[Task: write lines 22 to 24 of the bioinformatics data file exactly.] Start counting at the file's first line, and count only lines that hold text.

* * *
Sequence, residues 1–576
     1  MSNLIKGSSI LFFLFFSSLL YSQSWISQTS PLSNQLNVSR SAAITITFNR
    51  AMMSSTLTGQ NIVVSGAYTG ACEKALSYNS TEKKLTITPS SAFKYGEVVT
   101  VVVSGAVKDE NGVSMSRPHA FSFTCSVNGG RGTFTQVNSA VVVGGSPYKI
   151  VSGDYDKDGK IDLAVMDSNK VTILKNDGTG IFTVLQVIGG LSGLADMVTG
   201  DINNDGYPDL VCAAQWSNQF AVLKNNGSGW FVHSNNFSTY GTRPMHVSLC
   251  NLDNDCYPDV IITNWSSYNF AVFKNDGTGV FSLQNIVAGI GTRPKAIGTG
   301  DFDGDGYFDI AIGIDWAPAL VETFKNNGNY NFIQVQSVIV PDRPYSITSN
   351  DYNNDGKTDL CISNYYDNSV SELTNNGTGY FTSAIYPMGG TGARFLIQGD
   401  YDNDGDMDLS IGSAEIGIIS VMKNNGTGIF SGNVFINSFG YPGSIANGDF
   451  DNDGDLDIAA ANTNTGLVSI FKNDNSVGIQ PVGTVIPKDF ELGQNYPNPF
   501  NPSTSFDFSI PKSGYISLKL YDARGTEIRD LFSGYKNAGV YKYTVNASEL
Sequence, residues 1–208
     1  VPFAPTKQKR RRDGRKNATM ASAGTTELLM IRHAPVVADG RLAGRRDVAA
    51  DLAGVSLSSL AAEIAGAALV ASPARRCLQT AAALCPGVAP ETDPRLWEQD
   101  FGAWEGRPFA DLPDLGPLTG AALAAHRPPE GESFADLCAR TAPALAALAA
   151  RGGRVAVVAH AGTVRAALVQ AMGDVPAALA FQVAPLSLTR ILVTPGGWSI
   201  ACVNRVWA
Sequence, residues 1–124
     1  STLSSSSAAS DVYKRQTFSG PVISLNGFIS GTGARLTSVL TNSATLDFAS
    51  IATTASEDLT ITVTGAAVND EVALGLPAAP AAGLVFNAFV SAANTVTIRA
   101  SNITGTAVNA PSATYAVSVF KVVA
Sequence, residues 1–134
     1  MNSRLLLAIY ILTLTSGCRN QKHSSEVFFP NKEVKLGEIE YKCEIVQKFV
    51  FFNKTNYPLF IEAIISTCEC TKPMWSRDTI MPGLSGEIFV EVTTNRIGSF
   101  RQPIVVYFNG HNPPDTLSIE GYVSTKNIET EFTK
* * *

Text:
   101  SNITGTAVNA PSATYAVSVF KVVA
Sequence, residues 1–134
     1  MNSRLLLAIY ILTLTSGCRN QKHSSEVFFP NKEVKLGEIE YKCEIVQKFV